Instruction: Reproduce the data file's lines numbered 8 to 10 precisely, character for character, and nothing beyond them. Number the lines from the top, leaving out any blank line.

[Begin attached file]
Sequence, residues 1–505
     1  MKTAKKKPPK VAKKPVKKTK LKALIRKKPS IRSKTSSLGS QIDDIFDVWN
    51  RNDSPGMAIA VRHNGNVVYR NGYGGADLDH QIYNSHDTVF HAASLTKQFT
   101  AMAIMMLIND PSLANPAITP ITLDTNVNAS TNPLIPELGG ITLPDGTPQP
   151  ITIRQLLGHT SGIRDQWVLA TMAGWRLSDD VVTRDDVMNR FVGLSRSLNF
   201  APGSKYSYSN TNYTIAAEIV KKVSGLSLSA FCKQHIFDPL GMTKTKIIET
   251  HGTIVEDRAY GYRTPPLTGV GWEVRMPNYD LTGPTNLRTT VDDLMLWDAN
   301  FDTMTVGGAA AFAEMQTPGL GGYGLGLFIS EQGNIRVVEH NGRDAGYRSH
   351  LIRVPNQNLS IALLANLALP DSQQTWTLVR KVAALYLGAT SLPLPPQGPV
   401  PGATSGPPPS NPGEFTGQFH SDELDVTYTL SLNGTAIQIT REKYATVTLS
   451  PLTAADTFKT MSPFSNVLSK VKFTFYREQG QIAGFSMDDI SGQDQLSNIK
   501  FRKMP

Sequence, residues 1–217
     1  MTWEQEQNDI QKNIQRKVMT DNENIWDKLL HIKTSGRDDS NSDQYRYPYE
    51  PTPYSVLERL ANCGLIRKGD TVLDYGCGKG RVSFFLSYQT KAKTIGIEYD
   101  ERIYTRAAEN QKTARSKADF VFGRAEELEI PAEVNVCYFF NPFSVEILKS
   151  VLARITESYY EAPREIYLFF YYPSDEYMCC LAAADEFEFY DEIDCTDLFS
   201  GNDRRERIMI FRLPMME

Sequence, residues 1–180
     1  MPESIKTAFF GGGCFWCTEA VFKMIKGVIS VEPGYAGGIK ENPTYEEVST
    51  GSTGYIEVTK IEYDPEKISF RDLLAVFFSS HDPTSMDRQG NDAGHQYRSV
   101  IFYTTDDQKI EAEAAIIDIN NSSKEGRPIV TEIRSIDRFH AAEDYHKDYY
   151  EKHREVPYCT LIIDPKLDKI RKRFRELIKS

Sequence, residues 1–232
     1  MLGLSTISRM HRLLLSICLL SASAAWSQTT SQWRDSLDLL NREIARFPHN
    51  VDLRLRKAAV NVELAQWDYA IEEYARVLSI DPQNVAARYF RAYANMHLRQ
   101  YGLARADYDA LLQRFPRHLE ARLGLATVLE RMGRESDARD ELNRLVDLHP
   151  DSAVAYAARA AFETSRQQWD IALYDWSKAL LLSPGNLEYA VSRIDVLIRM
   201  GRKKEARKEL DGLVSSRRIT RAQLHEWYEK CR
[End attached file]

   301  FDTMTVGGAA AFAEMQTPGL GGYGLGLFIS EQGNIRVVEH NGRDAGYRSH
   351  LIRVPNQNLS IALLANLALP DSQQTWTLVR KVAALYLGAT SLPLPPQGPV
   401  PGATSGPPPS NPGEFTGQFH SDELDVTYTL SLNGTAIQIT REKYATVTLS